FIG. 5 further emphasizes the change in shape of the arch configuration uponmoving the movable anchor R. In the Figure, left hand X indicates the initial positionof the movable anchor R with the initially stressed structural components assuming an arch configuration shown at l (FIG. 5). Upon moving the anchor R to a position right hand in adjacent relationship to the other fixed anchor R, the archco nfiguration may be caused to vary from relatively flat to circular.

With reference now being made to FIG. 6, there is' 6 frame members 61 will abut, as shown in FIG. 6, in complementary engaging relationship without stress concentrations due to irregular engaging surfaces. Such .a construction is further advantageous, since no intervening coupling members 31 between-adjacent frame members 22(23 is required. A roof B is shown applied to the arch in FIGS. 6, 8

As shown m FIGS. 9-14 and 19 -24,addlt ional frame members, modifications, of the frame members 21, are illustrated at 22' (FIGS. 9', 11-13, 1547, 19-22 23' and 24 (FIGS. 10, 1143), respectively. Each end of each frame member 22', 23' br 24 is provided with flanges 62. Each flange 62 may be formed integrally with the respective frame member 22, 23', 24 or, as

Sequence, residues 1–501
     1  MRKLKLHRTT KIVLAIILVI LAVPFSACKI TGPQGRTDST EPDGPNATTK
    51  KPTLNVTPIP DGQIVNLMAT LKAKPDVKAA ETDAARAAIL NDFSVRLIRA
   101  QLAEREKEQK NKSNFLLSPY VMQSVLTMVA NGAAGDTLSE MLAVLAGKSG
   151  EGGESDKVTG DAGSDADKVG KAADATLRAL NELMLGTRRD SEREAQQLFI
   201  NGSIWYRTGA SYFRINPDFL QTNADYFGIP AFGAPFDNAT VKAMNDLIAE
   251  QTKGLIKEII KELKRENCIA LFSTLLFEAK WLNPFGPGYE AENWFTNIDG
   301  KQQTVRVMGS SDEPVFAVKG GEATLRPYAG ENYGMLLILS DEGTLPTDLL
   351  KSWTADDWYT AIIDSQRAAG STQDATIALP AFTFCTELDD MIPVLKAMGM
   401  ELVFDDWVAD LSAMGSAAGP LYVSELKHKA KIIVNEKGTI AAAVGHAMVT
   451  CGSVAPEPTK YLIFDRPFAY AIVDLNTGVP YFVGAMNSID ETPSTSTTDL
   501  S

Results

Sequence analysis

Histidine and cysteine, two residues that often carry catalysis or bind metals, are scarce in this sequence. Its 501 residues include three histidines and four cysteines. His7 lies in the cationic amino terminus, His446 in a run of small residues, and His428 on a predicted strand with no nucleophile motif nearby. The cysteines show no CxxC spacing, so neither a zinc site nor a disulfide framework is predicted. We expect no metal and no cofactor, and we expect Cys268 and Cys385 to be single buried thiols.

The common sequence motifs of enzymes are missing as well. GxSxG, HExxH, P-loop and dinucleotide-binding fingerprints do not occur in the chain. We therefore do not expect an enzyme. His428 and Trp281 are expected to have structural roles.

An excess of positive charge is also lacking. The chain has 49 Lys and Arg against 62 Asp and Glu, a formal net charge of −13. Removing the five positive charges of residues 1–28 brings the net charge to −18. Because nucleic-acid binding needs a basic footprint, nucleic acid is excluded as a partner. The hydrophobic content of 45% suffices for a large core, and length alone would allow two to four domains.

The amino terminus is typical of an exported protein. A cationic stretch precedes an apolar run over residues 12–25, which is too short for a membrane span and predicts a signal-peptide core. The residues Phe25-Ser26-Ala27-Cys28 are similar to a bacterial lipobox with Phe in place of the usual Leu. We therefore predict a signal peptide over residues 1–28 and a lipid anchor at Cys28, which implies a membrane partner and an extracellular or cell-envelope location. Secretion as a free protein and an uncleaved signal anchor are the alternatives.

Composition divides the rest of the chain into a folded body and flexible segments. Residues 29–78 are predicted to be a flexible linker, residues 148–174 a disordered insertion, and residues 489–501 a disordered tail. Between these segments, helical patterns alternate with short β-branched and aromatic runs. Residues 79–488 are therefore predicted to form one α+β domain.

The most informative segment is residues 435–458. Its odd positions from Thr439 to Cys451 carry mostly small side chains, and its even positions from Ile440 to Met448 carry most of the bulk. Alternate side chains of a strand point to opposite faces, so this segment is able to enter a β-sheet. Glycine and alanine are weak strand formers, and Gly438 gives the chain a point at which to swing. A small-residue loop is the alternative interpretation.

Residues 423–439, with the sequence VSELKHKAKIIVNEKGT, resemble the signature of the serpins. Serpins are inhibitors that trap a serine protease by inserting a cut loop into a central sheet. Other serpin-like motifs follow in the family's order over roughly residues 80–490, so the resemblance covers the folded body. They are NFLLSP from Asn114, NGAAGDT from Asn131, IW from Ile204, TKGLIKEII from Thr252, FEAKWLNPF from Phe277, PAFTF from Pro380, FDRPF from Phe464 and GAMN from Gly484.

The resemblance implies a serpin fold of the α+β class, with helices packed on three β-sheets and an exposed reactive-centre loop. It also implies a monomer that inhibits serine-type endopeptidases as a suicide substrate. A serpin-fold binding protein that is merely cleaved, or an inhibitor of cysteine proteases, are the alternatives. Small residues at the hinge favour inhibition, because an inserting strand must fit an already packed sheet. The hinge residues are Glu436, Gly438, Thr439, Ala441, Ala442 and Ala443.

more particularly shown in the drawings, provided on one end of a separate relatively short tube' 6 ma'tingly engaging the respective frame member 22', 23 or 24. Each flange 62' is preferably perpendicular to the longitudinal axis of its respective framemernber 22', 23, 24, although other orientations of each flange 62 may vary as desired. Each flange 62 may be provided with reinforcing ribs 6a (FIG. 9)'and a central'opening 5 (FIG. 9, 10) aligned with the hollow cross-section of its respective frame member 22' or- 23' 'to permit passageentirely through 'the flanged frame and 4a (FIGS. -l0, 14).Each flange 62is provided with apertures 5 which communicate with the hollow interi ors of the tubes4, 4a to permit passage of a strand 1 therethrough. In operation, as shown in FIG. 14, each tube 4, 4a is provided with a separate strand 1 I vided with a single ratherthan a pair of tubes 6.- The i An important structuralcomponent utilized in practice of the preferred embodiments include elongated hollow frame members 22 (23) adapted to be serially slidably assembled over the strand 1 as shown in FIG. 6. The frame members 22 (23).are'preferably of metal, synthetic resin, bamboo or similar materials which are rigid, resistant to crushing under pressure and or rela-'' tively highs'trength. Although a tubular cross'section is most commonly used in practicc,. it should be unde rstoo'd that other hollow cross-sectional shapes may be utilized. The particular material selected for .the frame member 22 (23) is based upon considerations of structural strength and conditions under which the members 22(23)are'subjected during use. The frame member 22 (23) is more particularly shown in FIG. 8 with certain prefabricated features.